MTRAC for Life Sciences Innovation Hub, co-managed by FFMI and the U-M Office of Tech Transfer, is a statewide program that supports translational research projects in life sciences —including medical devices, diagnostics, therapeutics and health-related information technology — with high commercial potential. The $4 million statewide program is supported by the Michigan Economic Development Corporation.

“There’s a level of momentum and energy around the biomedical and health care innovation community in Michigan,” said Kelly B. Sexton, Ph.D., associate vice president for research – technology transfer and innovation partnerships at U-M, and the event’s emcee. “The Biomedical Innovation Cup event shows what’s possible with great support of innovative ideas, strong collaboration between public and private sectors, and what lies ahead for our region and state.”

FFMI, a unit of the Office of Research at the U-M Medical School, offers resources and support to world-class biomedical researchers at the university and across the state. It provides groundbreaking funding programs, dynamic educational offerings and deep industry connections that help biomedical researchers navigate the road to successful innovation and commercialization, with the ultimate goal of positively impacting human health.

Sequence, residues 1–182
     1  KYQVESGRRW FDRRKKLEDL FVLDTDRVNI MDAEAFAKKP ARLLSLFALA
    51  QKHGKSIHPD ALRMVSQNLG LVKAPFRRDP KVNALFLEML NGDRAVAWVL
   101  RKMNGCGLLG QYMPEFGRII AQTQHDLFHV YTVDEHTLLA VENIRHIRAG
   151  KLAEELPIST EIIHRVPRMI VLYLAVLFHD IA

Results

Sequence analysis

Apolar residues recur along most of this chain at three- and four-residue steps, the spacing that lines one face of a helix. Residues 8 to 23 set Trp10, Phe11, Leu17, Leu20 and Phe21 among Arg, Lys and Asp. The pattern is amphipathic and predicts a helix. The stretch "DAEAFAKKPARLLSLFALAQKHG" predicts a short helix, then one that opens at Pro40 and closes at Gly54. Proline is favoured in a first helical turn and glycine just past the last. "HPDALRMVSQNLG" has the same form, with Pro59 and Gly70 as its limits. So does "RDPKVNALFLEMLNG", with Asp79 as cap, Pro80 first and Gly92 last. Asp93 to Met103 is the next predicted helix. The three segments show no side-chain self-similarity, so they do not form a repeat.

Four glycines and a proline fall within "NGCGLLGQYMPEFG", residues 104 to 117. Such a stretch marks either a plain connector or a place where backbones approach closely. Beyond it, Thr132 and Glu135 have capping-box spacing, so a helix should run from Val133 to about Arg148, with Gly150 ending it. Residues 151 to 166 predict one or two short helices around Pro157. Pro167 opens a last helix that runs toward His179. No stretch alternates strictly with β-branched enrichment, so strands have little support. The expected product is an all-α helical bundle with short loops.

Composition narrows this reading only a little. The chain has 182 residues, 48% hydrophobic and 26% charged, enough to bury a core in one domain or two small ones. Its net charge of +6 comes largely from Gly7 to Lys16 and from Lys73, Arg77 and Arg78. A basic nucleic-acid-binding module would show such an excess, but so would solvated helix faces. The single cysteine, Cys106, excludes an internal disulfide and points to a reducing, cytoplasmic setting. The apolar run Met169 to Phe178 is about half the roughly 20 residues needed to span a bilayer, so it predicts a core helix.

For more information about FFMI, visit


Don’t forget: Union staff nominations sought for Police Oversight Committee

Posted on May 24, 2019

The election to fill the union representative staff position on the university’s Police Department Oversight Committee will take place from June 10 until 14. Nominations are being accepted for the seat representing bargained-for staff members from the following unions: AFSCME, IUOE, HOA, MNA and Skilled Trades.